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Injustice not an article of faith for all churches

IN the outcry about the exemptions granted to faith-based organisations in the federal government's proposed anti-discrimination legislation, the fact that some of these very organisations think differently has been largely overlooked.

For some churches, freedom of religion does not mean the freedom to discriminate.

Across many church agencies, a commitment to non-discriminatory employment is keenly observed in the employment of teachers, ground staff, nurses or social workers.

This commitment arises from some of the core principles of Christian faith.

In the eyes of God, everyone is of value; everyone is precious.

The miraculous healing stories in the gospels, regardless of whether you believe in their literal truth or not, are demonstrations of a love that reaches out to those suffering prejudice, a love that challenges the systems, religious or otherwise, that force people to the edges of society, where they have no chance of flourishing.

The Christian church has all too often failed to demonstrate this unconditional love.

We have, over the centuries, perpetrated and condoned – often by our silence – prejudice, violence and abuse.

We are still a long way from blameless.

It is no wonder, then, that many have stopped listening so that even when we do speak of our vision of hope, justice and inclusion, we are rarely heard, as has been the case over the last few days.

The Uniting Church is the third-largest Christian denomination in the country and it represents a significant mainstream Christian perspective.

We oppose the federal government's religious exceptions to anti-discrimination laws on all grounds other than ordination and appointments to significant leadership roles.

Yet, on this issue, our voice has been ignored by the government.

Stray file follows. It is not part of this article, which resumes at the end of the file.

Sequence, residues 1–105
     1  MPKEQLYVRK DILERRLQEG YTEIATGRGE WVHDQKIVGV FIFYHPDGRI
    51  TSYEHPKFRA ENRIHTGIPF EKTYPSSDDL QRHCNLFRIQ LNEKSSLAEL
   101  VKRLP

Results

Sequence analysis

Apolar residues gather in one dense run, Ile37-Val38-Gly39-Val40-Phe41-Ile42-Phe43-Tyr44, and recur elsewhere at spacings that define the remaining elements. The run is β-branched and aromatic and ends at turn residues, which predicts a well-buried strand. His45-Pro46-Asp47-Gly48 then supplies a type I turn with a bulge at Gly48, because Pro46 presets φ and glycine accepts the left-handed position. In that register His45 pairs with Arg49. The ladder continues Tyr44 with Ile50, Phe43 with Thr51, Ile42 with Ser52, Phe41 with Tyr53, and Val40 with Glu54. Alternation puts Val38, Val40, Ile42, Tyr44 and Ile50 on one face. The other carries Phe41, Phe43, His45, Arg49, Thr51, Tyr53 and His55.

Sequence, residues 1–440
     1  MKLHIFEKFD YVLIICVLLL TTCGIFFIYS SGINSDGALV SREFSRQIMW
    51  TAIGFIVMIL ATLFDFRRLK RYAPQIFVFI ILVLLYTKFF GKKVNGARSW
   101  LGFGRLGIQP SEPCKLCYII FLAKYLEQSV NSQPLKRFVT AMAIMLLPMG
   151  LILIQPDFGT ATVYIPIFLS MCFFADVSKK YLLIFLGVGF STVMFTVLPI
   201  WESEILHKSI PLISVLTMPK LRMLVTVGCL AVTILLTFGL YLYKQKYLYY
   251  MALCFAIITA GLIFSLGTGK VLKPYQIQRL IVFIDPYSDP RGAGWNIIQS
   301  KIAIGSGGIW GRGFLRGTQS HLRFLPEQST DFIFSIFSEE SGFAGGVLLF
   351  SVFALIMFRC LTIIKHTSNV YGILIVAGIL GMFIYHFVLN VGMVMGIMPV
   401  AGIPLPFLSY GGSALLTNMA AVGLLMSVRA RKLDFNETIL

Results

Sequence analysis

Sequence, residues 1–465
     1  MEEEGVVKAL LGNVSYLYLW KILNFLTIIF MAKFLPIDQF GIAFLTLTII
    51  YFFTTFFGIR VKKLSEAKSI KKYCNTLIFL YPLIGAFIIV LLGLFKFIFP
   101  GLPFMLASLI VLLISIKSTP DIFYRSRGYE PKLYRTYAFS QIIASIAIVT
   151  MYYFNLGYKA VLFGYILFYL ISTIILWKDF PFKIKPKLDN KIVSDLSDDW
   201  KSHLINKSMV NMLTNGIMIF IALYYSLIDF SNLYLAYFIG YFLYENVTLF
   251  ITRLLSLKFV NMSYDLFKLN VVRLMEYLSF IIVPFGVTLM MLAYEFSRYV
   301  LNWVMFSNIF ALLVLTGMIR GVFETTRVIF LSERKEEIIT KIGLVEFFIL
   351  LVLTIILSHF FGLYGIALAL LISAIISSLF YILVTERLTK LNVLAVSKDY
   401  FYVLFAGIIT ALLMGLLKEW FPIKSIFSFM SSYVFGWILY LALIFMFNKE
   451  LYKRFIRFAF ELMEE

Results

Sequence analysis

Balancing competing rights is not easy for governments and balancing the right to freedom of religion and belief with other rights is one of the most difficult and contentious areas.

This is important legislation and should be passed.

But we would like there to be amendments to the broad exceptions made for religious organisations in employment and other situations.

The inclusion of such attributes as pregnancy and potential pregnancy in the current exception is offensive.

One can only imagine how this may be used against women.

These must be removed.

Terms in legislation such as ''conforms to the doctrine, tenets or beliefs of that religion'' and ''necessary to avoid injury to the religious sensitivities of adherents of that religion'' are ones my unit, UnitingJustice Australia, has been concerned by.

Some of the most important debates we have in the Uniting Church are about which of our ''beliefs'' are core to the doctrine (orthodox) or reasonable expressions of theological diversity within the Protestant tradition.

One of the strengths of the Uniting Church is a capacity to live with diversity.

But if we sometimes have trouble defining this, how fraught would it be for a secular tribunal or court to determine?

When it comes to what injures our ''religious sensitivities'', there are numerous examples of how different individual members of my church can take offence.

Personally, I have no expectation that my religious sensitivities should be any more privileged than the sensitivities other people may have about matters to do with sexuality, marriage or gender identity.

The core issues here should actually be about mutual respect, care and the acceptance of the value of diversity for a healthy society. This legislation is an opportunity to encourage greater equity for all Australians. We should make the most of it.

Regardless of its final shape, the Uniting Church, its councils and its agencies will continue to uphold our commitment to non-discriminatory employment practices. Living God's mission to love without distinction and work for justice and peace in the world demands this of us.

Rev Elenie Poulos is the national director of UnitingJustice Australia, the justice policy and advocacy unit of the Uniting Church in Australia Assembly.

Article originally published in the Sydney Morning Herald Opinion section.